[Brief] Consolidated credit database likely to improve lending and boost economic growth in the Philippines in 2018

The Philippines will launch a credit consumer database in 2018 in a bid to bolster retail lending.


The Philippines will launch a credit consumer database in 2018 in a bid to bolster retail lending.

Bulk of lending in the Philippines have been corporate loan, forming more than 80% of loan books. Consumer lending business have been secondary to corporate lending – analysts explained that the lack of consumer level data can explain this.

Source: Landbank

The gap between corporate and retail lending is the lack of a credible database. Without consumer credit information, it is not possible for banks to extend loans, conduct KYC and make full assessment of credit risks. In emerging markets, the lack of reliable income tax, salary slips mean that most individuals are in the informal economy. From a broader perspective, these individuals are a better fit for Fintech disruptors like those in P2P lending.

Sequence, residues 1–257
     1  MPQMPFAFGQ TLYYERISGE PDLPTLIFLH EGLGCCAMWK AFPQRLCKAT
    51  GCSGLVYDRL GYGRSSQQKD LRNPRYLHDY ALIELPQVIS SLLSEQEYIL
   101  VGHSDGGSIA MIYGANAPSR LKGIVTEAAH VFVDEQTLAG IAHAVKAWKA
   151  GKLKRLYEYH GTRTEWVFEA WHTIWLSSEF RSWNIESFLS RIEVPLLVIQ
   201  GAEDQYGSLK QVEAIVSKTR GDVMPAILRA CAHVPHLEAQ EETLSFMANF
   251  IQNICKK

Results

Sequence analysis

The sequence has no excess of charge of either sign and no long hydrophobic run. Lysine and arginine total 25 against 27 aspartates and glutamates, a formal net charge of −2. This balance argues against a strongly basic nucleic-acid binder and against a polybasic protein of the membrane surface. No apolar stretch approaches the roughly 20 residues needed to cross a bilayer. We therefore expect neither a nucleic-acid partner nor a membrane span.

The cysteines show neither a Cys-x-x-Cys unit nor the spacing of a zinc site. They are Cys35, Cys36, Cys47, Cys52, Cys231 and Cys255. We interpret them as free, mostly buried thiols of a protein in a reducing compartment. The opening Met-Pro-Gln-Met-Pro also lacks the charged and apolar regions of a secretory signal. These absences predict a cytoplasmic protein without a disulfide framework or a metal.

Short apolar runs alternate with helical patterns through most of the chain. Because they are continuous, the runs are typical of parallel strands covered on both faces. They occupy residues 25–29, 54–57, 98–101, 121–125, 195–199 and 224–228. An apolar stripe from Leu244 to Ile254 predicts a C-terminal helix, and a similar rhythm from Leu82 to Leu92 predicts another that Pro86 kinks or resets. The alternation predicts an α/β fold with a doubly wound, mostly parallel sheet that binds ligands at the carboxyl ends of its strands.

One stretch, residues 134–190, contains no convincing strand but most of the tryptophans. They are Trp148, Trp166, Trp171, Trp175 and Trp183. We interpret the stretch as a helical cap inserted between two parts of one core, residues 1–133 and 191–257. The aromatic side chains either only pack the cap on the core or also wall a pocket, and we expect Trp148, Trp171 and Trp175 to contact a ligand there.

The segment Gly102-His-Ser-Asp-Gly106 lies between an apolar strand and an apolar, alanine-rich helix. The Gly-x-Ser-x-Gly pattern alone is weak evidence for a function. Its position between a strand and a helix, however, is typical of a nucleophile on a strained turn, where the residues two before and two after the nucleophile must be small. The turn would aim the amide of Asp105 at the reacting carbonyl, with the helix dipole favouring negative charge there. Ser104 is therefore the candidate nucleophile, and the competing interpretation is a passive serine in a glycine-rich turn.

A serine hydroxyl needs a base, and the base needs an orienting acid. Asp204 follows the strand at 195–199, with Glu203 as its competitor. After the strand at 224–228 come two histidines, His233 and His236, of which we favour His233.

Tax collected in 2016 was about 15% of Philippines’ GDP, only ahead of Indonesia before their tax amnesty programme. There are now talks of Philippines’ own tax programme, mirrored after Indonesia’s success.

The government’s Credit Information Corporate collects data from banks in the Philippines. This will be extended to rural financial institutions to build a credible database by 2018.

This database is crucial for the expansion of Philippines’ economy. TransUnion, one of the largest credit agencies partnered with BPI, Banco de Oro, Metrobank, HSBC, and Citibank. But the cost to access this database is prohibitive. Only member banks can use the data. This resulted in silos of databases in the nation.

Hopefully, this will change for the better in 2018 when all banks and financial institution can access a uniform database conveniently. By then, we can imagine credit products extended to more in the Philippines for education, housing and business growth.

Source: World Bank